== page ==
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size, stock movement)
By Nicole Maestri
NEW YORK, April 23 Wal-Mart Stores Inc's
(WMT.N) Sam's Club warehouse division said on Wednesday it is
limiting sales of several types of rice, the latest sign that
fears of a rice shortage are rippling around the world.
Sam's Club, the No. 2 U.S. warehouse club operator, said it
is limiting sales of Jasmine, Basmati and long grain white rice
"due to recent supply and demand trends."
U.S. rice futures hitting an all-time high Wednesday on
worries about supply shortages.
On Tuesday, Costco Wholesale Corp (COST.O), the largest
U.S. warehouse club operator, said it has seen increased demand
for items like rice and flour as customers, worried about
global food shortages and rising prices, stock up.
Sam's Club, the No. 2 U.S. warehouse club operator, is
limiting sales of the 20-pound (9 kg), bulk bags of rice to
four bags per customer per visit, and is working with suppliers
to ensure the products remain in stock.
Warehouse clubs cater to individual shoppers as well as
small businesses and restaurant owners looking to buy cheaper,
With prices for basic food items surging, customers have
been going to the clubs to try to save money on bulk sizes of
everything from pasta to cooking oil and rice.
Sam's Club said the large-sized bags of rice subject to the
limits are typically purchased by its restaurant owner or food
Sam's Club said is not limiting sales of flour or cooking
oil at this time. Costco said some of its stores have put
limits on sales of items such as rice and flour, but it was
trying to modify those restrictions to meet customer demand.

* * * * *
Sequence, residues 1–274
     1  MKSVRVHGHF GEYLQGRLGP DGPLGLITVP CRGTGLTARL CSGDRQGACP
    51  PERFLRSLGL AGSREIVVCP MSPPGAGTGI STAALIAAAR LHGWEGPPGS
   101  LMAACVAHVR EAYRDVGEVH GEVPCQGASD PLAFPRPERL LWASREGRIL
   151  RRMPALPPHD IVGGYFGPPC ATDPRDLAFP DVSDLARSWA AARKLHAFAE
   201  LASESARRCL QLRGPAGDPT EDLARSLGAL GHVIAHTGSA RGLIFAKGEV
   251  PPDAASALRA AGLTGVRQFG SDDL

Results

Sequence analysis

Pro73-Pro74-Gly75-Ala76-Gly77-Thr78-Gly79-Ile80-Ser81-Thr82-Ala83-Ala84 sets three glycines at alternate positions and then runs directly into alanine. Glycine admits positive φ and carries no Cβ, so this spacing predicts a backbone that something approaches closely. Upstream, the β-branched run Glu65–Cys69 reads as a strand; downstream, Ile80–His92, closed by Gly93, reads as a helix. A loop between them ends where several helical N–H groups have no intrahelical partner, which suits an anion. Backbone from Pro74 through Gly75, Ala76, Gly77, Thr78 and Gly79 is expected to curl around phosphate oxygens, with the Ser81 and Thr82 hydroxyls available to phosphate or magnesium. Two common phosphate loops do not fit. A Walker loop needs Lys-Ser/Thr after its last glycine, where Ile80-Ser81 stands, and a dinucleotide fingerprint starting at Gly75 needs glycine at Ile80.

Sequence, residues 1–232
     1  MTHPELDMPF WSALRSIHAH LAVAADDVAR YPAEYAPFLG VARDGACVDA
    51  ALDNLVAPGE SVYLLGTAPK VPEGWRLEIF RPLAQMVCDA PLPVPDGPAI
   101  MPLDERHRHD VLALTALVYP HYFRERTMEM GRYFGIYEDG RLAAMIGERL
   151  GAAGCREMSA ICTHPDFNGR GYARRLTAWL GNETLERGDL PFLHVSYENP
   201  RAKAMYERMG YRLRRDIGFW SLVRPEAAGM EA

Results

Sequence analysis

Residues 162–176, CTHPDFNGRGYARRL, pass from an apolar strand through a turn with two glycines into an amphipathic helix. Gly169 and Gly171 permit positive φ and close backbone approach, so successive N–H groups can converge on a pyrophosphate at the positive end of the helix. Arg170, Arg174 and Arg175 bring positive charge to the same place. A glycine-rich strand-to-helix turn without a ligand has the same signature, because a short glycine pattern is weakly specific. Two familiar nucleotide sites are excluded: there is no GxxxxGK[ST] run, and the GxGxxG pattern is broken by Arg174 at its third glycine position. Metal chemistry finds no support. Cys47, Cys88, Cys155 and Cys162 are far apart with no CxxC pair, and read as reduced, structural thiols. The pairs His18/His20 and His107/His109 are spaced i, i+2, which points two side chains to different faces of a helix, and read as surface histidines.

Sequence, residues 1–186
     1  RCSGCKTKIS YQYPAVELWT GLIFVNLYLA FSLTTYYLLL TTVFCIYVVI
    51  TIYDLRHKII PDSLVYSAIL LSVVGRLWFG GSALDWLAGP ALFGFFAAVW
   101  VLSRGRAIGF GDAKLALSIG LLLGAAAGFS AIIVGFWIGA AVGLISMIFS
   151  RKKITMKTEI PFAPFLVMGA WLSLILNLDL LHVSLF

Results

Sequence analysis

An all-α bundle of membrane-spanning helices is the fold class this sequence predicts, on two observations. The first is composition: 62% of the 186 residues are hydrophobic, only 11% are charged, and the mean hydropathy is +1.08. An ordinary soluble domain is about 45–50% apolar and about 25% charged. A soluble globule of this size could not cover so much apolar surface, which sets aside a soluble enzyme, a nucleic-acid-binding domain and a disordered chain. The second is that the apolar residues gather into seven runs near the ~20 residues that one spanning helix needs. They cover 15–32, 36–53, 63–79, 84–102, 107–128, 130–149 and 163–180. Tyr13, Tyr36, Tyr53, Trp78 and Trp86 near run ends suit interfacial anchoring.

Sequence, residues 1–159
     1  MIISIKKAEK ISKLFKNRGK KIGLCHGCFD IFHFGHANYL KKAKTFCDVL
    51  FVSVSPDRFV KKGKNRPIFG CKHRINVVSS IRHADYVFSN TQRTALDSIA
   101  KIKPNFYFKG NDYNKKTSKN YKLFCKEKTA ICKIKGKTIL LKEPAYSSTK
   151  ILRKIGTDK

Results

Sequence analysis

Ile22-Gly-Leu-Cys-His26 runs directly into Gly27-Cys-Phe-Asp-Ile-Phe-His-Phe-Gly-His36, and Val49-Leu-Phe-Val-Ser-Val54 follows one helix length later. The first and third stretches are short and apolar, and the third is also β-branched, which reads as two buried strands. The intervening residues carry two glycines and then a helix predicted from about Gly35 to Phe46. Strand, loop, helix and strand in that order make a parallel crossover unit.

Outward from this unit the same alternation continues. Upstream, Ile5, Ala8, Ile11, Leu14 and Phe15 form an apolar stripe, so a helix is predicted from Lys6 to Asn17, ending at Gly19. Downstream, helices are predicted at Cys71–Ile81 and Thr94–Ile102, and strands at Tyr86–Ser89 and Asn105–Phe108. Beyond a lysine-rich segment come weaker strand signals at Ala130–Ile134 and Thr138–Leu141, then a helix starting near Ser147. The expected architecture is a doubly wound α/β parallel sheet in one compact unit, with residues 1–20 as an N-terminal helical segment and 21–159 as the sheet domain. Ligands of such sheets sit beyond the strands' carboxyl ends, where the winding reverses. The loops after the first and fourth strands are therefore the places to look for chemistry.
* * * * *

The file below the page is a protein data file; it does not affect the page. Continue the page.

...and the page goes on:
Costco Chief Executive James Sinegal told Reuters that he
believed the recent surge in demand was being driven by media
reports about rising global demand and shortages of basic food
items in some countries.
Food costs have soared worldwide, spurred by increased
demand in emerging markets like China and India; competition
with biofuels; high oil prices and market speculation.
The situation has sparked food riots in several African
countries, Indonesia, and Haiti. United Nations
Secretary-General Ban Ki-moon has warned that higher food
prices could hurt global growth and security.
Rice prices have risen 68 percent since the start of 2008.
Trade bans on rice have been put in place by India, the
world's second largest exporter in 2007, and Vietnam, the third
biggest, in hopes of cooling domestic prices. Rice is a staple
in most of Asia.
On Tuesday, Tim Johnson, president-CEO of California Rice
Commission, which represents growers and millers of rice in the
state, said: "Bottom line, there is no rice shortage in the
United States. We have supplies."
Wal-Mart shares were up 0.4 percent to $56.80 in afternoon
trading, while Costco shares rose 1.7 percent to $69.26.
(Reporting by Nicole Maestri, editing by Jeffrey Benkoe and